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Many Americans Enjoying Longer, Healthier Lives Due to Medical Innovation and New Therapies

Saturday, February 20, 2010 Research News J E 4
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WASHINGTON, Feb. 19 /PRNewswire-USNewswire/ -- An article that recently appeared in El Tejano Magazine highlighted the fact that many Americans are living longer, healthier and more productive lives because of medical innovation and research.

America's pharmaceutical research and biotechnology companies are leading the charge. The Congressional Budget Office specifically identified America's biopharmaceutical sector as "one of the most research-intensive industries" in America.

"A strong, innovative and creative pharmaceutical research and biotechnology sector based in the United States is a real boon to American patients," said Billy Tauzin, president and CEO of the Pharmaceutical Research and Manufacturers of America (PhRMA). "American patients often get access to new and better medicines well ahead of patients around the world, and this homegrown innovation not only saves lives, it helps the American economy by employing millions of Americans and pumping billions of dollars into our local and national economies," Tauzin added.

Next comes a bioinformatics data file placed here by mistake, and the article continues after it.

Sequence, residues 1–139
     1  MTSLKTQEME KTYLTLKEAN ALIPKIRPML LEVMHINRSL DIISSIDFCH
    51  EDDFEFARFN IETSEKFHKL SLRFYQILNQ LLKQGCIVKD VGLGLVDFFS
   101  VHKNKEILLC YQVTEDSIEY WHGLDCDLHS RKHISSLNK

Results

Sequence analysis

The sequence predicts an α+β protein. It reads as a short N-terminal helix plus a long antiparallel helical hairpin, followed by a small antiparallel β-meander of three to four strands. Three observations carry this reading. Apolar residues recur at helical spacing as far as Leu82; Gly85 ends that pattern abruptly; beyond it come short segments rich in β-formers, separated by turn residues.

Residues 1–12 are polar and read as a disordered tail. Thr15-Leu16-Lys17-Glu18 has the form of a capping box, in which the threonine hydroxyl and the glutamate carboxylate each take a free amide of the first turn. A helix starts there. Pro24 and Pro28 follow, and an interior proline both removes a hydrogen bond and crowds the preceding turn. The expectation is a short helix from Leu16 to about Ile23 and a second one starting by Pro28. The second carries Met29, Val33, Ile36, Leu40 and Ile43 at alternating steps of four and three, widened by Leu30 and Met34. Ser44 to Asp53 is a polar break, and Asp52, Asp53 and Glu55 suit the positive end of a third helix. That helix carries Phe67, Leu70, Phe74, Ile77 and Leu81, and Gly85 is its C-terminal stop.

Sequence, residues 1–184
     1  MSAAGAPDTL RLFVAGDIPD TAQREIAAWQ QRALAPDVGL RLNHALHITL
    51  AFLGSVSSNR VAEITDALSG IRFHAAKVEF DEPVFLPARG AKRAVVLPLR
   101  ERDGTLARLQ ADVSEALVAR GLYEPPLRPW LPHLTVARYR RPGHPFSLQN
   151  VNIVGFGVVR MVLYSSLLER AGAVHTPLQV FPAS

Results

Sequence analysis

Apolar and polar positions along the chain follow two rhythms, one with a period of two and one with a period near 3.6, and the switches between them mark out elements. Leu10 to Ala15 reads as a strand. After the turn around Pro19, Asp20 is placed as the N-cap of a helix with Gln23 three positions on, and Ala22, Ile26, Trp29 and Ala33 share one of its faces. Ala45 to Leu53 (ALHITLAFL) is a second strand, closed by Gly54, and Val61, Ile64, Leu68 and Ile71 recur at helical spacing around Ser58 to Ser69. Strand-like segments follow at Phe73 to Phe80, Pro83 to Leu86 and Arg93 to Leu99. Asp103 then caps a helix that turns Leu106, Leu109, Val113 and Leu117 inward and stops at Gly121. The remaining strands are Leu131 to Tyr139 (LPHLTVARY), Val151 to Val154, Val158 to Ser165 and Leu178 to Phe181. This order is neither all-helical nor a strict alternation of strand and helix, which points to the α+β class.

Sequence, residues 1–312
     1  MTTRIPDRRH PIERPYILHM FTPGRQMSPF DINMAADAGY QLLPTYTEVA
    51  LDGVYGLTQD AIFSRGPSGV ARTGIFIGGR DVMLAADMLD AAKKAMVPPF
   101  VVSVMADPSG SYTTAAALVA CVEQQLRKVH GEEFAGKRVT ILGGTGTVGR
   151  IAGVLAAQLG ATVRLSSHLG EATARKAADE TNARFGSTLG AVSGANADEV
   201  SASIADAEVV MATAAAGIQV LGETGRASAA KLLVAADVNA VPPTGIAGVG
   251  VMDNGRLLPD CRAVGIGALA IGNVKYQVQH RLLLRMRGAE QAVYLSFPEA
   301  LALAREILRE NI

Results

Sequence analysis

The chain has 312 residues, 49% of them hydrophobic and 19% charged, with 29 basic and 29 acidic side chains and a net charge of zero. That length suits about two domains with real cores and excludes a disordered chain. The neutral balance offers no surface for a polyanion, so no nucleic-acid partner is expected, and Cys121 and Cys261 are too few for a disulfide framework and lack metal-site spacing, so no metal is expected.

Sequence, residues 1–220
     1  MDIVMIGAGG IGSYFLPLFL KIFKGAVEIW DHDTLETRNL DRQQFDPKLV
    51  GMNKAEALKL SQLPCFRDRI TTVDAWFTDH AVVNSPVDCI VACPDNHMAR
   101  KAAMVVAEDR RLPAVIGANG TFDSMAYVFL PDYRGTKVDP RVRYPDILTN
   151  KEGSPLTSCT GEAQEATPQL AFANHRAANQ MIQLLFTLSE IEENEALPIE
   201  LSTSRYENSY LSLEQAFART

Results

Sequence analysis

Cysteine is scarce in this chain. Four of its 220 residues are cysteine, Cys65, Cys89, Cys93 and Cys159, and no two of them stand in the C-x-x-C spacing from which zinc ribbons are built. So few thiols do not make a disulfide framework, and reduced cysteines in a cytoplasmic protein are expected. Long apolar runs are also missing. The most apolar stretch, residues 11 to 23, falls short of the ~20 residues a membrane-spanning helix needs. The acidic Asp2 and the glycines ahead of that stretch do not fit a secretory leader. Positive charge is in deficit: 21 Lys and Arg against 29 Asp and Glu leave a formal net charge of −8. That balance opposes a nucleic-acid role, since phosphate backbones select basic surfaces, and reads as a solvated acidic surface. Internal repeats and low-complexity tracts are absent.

According to a study recently published in Health Affairs, cancer patients live three years longer on average than in 1980; 83 percent of that gain is the result of new treatments. In addition, there was a nearly 50 percent decline in heart failure- and heart attack-related deaths between 1999 and 2005. The rate of AIDS deaths has fallen by more than 70 percent since highly active anti-retroviral therapies were developed, and blood pressure medicines prevented 86,000 premature deaths from cardiovascular disease and avoided 833,000 hospitalizations for heart attack and stroke in just one year, according to a 2007 study.

These and many other medical advances were driven by U.S.-based medical innovation, according to a recent study by the Tufts Center for the Study of Drug Development. In fact, the study showed that 75 percent of new drugs in recent years were first introduced in the U.S.

"It's important to keep in mind," said Tauzin, "that developing new therapies can be risky, expensive and time consuming. Creating a new medicine, on average, takes between 10 and 15 years and can cost $1.3 billion. But it's an investment biopharmaceutical research companies make because nothing is as important as the search for new cures and treatments that help patients live longer, healthier lives."

SOURCE Pharmaceutical Research and Manufacturers of America

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